462 F2d 908 First National Bank Trust Company of Chickasha v. United States

462 F.2d 908

72-2 USTC P 9591

UNITED STATES of America, Appellant.

No. 71-1610.

United States Court of Appeals,

Tenth Circuit.

July 28, 1972.

Gene A. Castleberry, Oklahoma City, Okl. (Robert E. Shelton, Oklahoma City, Okl., and Robert B. Park, Chickasha, Okl., on the brief), for appellee.

Richard Farber, Tax Div., Dept. of Justice, Washington, D. C. (Fred B. Ugast, Acting Asst. Atty. Gen., Meyer Rothwacks and Daniel B. Rosenbaum, Tax Div., Dept. of Justice, Washington, D. C., on the brief), for appellant.

Before HILL and BARRETT, Circuit Judges, and LANGLEY*, District Judge.

BARRETT, Circuit Judge.

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The Government is appealing from the District Court's judgment for the First National Bank & Trust Company of Chickasha (taxpayer), 329 F.Supp. 1147, wherein the taxpayer sought a refund of taxes alleged to have been erroneously paid in 1966 under Section 165 of the Internal Revenue Code relating to losses from the demolition of buildings. The District Court allowed a demolition loss to the taxpayer.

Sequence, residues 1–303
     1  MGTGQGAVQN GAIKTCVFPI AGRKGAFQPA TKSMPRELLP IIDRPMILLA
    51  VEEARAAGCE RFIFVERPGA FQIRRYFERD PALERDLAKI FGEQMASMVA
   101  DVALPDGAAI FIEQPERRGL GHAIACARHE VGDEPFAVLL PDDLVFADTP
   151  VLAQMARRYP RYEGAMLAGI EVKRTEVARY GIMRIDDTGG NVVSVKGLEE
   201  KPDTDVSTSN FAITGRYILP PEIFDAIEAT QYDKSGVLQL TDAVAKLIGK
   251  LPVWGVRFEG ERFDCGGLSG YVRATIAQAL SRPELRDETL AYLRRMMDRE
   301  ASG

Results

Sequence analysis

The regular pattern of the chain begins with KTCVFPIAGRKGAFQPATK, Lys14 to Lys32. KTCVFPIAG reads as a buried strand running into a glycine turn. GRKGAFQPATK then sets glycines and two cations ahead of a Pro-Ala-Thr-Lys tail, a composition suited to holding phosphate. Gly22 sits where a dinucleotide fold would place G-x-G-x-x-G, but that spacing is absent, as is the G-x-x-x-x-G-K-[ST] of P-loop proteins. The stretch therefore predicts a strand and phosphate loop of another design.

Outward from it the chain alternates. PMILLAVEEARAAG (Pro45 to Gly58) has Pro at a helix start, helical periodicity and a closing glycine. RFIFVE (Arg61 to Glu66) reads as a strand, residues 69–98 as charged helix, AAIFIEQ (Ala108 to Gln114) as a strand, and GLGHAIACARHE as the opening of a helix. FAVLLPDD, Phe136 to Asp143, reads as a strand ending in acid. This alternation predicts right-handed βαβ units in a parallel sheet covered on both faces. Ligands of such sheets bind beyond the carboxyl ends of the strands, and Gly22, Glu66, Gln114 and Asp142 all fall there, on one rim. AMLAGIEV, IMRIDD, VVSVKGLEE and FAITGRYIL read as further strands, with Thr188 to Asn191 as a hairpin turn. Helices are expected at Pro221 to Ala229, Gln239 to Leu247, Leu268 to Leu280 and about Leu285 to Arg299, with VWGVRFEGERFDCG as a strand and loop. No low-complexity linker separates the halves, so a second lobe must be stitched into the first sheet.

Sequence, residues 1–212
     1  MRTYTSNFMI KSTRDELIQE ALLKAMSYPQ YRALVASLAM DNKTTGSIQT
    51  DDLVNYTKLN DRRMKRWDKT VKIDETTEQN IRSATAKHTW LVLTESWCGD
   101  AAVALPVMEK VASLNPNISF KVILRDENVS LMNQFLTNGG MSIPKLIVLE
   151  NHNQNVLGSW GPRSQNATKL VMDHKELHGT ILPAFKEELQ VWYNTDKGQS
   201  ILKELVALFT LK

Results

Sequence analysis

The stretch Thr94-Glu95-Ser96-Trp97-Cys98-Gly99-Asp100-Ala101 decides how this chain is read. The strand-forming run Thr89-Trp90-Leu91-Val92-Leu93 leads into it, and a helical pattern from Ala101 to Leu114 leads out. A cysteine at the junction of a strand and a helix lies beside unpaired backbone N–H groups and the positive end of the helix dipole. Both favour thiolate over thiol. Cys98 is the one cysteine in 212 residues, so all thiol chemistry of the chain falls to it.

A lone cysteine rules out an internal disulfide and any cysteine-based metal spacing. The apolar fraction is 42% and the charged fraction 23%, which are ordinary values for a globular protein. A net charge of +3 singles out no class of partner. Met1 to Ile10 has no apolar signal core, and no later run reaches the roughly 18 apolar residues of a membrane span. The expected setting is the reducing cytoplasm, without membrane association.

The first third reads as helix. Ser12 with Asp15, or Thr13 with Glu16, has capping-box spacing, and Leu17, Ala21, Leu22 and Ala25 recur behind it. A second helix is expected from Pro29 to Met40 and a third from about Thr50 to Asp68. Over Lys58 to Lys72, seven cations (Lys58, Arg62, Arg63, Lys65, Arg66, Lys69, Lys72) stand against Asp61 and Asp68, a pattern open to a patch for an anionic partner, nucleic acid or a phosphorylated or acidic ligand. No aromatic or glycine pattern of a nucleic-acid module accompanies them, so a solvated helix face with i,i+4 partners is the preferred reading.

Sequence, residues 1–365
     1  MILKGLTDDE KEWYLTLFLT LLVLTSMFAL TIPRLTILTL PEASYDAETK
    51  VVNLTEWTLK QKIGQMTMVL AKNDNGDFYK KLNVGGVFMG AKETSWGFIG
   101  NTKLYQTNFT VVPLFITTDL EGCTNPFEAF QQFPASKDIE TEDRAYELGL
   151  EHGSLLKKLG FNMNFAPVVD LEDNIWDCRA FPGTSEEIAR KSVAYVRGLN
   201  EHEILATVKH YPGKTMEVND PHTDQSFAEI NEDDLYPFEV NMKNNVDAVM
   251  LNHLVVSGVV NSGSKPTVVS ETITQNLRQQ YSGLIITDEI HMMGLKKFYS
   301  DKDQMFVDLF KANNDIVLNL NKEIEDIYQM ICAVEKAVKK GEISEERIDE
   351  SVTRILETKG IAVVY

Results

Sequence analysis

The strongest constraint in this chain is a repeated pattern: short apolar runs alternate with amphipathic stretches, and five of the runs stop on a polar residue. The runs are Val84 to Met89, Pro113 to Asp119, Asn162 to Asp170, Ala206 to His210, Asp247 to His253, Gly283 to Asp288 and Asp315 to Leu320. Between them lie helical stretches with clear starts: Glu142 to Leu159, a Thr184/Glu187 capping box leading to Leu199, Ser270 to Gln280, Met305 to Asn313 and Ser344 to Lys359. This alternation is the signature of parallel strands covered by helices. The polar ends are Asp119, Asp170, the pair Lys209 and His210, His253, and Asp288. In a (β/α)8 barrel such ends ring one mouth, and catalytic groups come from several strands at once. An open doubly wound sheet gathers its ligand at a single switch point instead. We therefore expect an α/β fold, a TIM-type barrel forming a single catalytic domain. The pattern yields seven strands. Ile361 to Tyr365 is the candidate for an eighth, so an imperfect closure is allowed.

The taxpayer entered into a "Contract for Sale of Real Estate" on May 17, 1965 to purchase the Salter building from Mr. and Mrs. Salter for $56,400. At that time the bank's directors intended to demolish only a small storage building in the rear of the Salter building, valued at $2,500, in order to provide a "drive-in" facility. The directors then also intended to remodel the Salter building. About one-half was contemplated for additional bank offices and the balance for lease-rental.


The sales contract provided that $15,000 of the purchase price was to be paid on August 1, 1966 concurrent with the Salters' execution and delivery of a Warranty Deed. A note was executed with the Warranty Deed by the taxpayer to the Salters for the balance of $41,400 to be paid in three installments.